I was first attracted to web development in 1997 to build a skateboarding website on GeoCities. Using GeoCities ended up being the gateway to my career as a software engineer. Along the way though the real passion that helped me learn to program was building video games, specifically a role-playing game.
Most of high school I had a spare notebook that I’d write code in during class to bring home and transcribe into Visual Basic 6. Figuring out an optimal method for the client and server to communicate, working out how to calculate the experience needed for each level, or how monsters would fight back. All in my notebook.
Over the years the game became a test bed more and more for me to learn about new technologies. While it’s been great for my career, the fun has faded over the years and it typically meant the internet never even saw the game. I want that to change that now, but want to explore the history a bit first.
The game has bounced around between different technologies over the years, but that also included different names, stories, and gameplay changes.
The Fallen Dragons
I believe my friend and I first called the game Aurora, but we couldn’t get a good domain for it and settled on The Fallen Dragons instead. The Fallen Dragons was a client-server game written in Visual Basic 6, inspired by Realms of Kaos. I learned all sorts of new concepts while writing a client and server including a lot about networking, since I was running the server on my computer at home.
Probably the most fun of all the games, since everything was new and exciting. I still remember the random person who downloaded our client and played off and on for a week. They said they were from Russia and asked us to make custom in-game items for them. That was a fun week. Other than that no one beyond a couple of close friends ever played the game.
Monster Massacre was my first web-based version, written in PHP. A point-and-click game where you had a stamina system that refreshed over time to limit how often you could fight. There were probably hundreds, if not thousands, of similar games at the time.
It had a slightly bigger player base, with friends of friends playing it over the span of a couple of months. This was my first exposure to web security, since my friends would often try to hack it. Such as discovering they could manually run the periodic script to replenish stamina that I left it exposed to the web. That was a fun discovery since they didn’t readily tell me and used it to level up faster.
The source code of the later versions are still sitting around in my backups. I laugh a little every time I go back and look at the horrible code, since they’re from around 2005.
I named the first Ruby on Rails version Miroha, which I have zero recollection of how I came up with the name. I registered the domain nearly 16 years ago and the name certainly sounds more legitimate than Monster Massacre.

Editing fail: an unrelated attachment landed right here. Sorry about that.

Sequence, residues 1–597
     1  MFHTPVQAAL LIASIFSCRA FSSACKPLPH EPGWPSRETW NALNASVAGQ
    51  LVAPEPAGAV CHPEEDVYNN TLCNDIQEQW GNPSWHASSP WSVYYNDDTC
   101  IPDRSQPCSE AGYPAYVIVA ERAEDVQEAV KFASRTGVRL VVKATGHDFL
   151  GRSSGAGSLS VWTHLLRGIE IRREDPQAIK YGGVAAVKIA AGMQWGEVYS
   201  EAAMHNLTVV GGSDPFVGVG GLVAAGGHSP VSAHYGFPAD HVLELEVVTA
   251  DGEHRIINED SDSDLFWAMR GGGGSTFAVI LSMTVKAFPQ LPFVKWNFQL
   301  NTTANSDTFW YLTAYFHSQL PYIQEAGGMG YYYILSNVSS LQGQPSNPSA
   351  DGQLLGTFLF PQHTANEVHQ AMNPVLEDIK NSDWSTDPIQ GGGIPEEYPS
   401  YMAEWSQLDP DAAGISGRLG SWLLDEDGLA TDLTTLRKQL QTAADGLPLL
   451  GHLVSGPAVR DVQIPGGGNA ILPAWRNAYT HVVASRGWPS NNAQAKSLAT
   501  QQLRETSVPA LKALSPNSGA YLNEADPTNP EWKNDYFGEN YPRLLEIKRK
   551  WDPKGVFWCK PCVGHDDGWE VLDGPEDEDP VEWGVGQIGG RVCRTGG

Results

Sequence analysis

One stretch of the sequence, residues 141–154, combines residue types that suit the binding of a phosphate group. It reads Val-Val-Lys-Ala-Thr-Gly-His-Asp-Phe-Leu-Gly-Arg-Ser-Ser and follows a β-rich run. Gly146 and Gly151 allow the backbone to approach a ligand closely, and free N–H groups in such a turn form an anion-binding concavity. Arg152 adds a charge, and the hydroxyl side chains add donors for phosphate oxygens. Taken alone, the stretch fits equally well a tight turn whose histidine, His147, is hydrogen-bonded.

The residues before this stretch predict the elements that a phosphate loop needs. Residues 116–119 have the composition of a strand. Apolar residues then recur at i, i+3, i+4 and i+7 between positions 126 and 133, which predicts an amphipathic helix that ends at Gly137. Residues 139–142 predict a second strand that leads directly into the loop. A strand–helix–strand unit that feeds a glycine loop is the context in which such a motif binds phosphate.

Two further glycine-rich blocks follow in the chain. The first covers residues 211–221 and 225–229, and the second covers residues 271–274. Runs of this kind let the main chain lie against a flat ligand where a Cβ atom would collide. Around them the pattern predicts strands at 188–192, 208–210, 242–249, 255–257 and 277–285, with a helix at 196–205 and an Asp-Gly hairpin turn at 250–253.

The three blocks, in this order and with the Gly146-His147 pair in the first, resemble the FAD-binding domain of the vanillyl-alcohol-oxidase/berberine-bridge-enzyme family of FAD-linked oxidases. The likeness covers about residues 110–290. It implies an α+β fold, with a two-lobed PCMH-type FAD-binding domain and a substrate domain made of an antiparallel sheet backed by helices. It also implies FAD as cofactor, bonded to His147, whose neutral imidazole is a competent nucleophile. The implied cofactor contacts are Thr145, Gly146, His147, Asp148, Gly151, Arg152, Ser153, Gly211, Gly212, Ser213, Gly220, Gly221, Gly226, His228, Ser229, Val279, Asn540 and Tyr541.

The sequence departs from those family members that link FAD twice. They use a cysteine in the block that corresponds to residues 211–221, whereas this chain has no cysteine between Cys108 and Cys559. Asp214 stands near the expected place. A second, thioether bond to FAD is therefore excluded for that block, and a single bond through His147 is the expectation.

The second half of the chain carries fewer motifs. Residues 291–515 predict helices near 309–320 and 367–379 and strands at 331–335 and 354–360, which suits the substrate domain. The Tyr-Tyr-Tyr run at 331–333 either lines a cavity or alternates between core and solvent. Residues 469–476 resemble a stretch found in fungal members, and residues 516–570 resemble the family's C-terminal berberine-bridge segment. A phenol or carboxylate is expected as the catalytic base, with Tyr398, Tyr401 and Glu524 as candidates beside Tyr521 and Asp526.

I don’t recall if anyone ever played it other than a friend or two, but it’s been my main test bed for new technology since it started. Over the years I’ve used long-polling, experimented with server-sent events, wrote my own WebSockets server in Node.js, briefly used Pusher which spawned an open source library, tried out React, explored new CSS techniques like
flexbox and Tailwind CSS, learned how to use Turbo Rails, and so much more.
While the old iterations have been fun, my goal for the future is to actively work on Miroha instead of it being a test bed for technology experiments. And I’d be incredibly excited if it’s playable online again, instead of locally.
The first step is to start an open source version of Miroha. While this could lead to some accountability, it’ll at least avoid hiding the work, allow others to learn from it, and allow the less frequent experiments be a source of examples for other people exploring the same new technologies.
The second step is to deploy Miroha publicly on Heroku. This will allow people to actually play the game and it’ll make it easier for other people deploying their own versions as well. Being able to play with other people again might be the most exciting part, plus hopefully collecting feedback from them on how to improve the game.
Third is writing a story for the game, which is generally what makes or breaks a role-playing game. The players need to learn the history, become part of the story, and have it help drive how they play. This will be the hardest part of making the game, but has the added bonus of helping me improve my writing skills.
Fourth is documenting the process that goes into building a game. You could look at the changes to see what the result is, but how were product decisions made, what goes into planning the story, or how do you manage an open source game that anyone can suggest changes to. While it’ll be nice to share the learning experiences with others, having a record for myself will be great too.
While open sourcing the new version of the game is a start, these are pretty lofty goals. Even with trying to stay positive, I know all these future goals will be difficult to complete. At the time of writing I’ll consider this a success if the game is playable online and at least 10 people end up playing it. A rather small target, but it would have been an insane accomplishment to me in high school.